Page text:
- Download the list
- Sort by ‘Trailing PE Ratio,’ smallest to largest
- Research the top stocks further
Here’s how to do this quickly in the spreadsheet:
Step 1: Download the list, and open it.
Step 2: Apply a filter function to each column in the spreadsheet.
Step 3: Click on the small gray down arrow next to ‘Trailing P/E Ratio’, and then sort smallest to largest.
Step 4: Review the highest ranked Dividend Aristocrats before investing. You can see detailed analysis on every Dividend Aristocrat found below in this article.
That’s it; you can follow the same procedure to sort by any other metric in the spreadsheet.
This article examines the characteristics and performance of the Dividend Aristocrats in detail. Click here for a table of contents for easy navigation of this article.
Performance Of The Dividend Aristocrats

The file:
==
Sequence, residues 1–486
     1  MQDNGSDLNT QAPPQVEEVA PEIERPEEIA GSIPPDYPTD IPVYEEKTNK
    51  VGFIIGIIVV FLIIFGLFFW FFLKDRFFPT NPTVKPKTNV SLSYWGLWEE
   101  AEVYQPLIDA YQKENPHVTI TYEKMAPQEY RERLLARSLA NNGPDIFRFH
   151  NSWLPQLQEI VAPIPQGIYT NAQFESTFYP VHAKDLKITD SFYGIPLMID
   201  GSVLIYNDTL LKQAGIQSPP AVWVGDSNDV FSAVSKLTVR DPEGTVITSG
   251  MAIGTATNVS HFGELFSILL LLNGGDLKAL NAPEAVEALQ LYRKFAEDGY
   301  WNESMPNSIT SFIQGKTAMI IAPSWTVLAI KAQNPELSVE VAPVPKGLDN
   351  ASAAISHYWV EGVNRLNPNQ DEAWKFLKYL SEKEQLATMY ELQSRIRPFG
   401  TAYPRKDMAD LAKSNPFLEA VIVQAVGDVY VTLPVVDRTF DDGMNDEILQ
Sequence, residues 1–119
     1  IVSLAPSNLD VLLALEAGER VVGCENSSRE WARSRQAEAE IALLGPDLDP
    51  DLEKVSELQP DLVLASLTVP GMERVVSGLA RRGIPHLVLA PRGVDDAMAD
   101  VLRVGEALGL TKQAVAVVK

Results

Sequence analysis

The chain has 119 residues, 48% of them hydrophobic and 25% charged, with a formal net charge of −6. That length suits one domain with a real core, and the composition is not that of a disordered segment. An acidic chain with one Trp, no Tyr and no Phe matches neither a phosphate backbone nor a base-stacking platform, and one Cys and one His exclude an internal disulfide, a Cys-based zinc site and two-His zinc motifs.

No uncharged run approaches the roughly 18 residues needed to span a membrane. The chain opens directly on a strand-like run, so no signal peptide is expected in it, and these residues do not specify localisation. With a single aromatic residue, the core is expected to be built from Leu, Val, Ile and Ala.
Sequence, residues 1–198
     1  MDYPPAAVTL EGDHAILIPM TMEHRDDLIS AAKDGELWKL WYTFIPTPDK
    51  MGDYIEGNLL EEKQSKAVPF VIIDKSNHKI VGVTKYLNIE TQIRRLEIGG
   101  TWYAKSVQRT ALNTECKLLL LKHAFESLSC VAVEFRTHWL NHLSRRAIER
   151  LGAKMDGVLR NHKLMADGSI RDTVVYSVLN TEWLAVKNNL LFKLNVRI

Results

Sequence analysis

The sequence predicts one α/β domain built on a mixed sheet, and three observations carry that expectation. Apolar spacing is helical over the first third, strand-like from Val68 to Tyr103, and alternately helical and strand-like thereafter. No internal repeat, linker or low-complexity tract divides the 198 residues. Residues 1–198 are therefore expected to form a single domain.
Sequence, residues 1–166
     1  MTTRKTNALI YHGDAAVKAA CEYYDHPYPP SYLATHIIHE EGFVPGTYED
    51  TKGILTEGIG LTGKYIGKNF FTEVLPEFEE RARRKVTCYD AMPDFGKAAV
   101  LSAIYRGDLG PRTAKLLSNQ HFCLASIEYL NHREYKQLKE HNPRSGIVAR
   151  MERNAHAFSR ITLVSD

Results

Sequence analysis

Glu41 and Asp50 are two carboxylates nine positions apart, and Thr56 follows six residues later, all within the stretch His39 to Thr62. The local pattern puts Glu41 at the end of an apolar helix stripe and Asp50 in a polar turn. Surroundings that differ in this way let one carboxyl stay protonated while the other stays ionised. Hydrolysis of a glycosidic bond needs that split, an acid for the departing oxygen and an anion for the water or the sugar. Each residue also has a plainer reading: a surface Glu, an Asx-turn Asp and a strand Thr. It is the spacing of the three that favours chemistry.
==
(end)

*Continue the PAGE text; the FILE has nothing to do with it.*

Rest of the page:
In December 2022, the Dividend Aristocrats, as measured by the Dividend Aristocrats ETF (NOBL), registered a 4.1% negative total return. It outperformed the SPDR S&P 500 ETF (SPY) for the month.
- NOBL generated negative total returns of 4.1% in December 2022
- SPY generated negative total returns of 5.8% in December 2022
Short-term performance is mostly noise. Performance should be measured over a minimum of 3 years, and preferably longer periods of time.
The Dividend Aristocrats Index has outperformed the broader market index over the last decade, with a 12.9% total annual return for the Dividend Aristocrats versus 12.6% for the S&P 500 Index.
The Dividend Aristocrats have exhibited lower risk than the benchmark, as measured by standard deviation.
Source: S&P Fact Sheet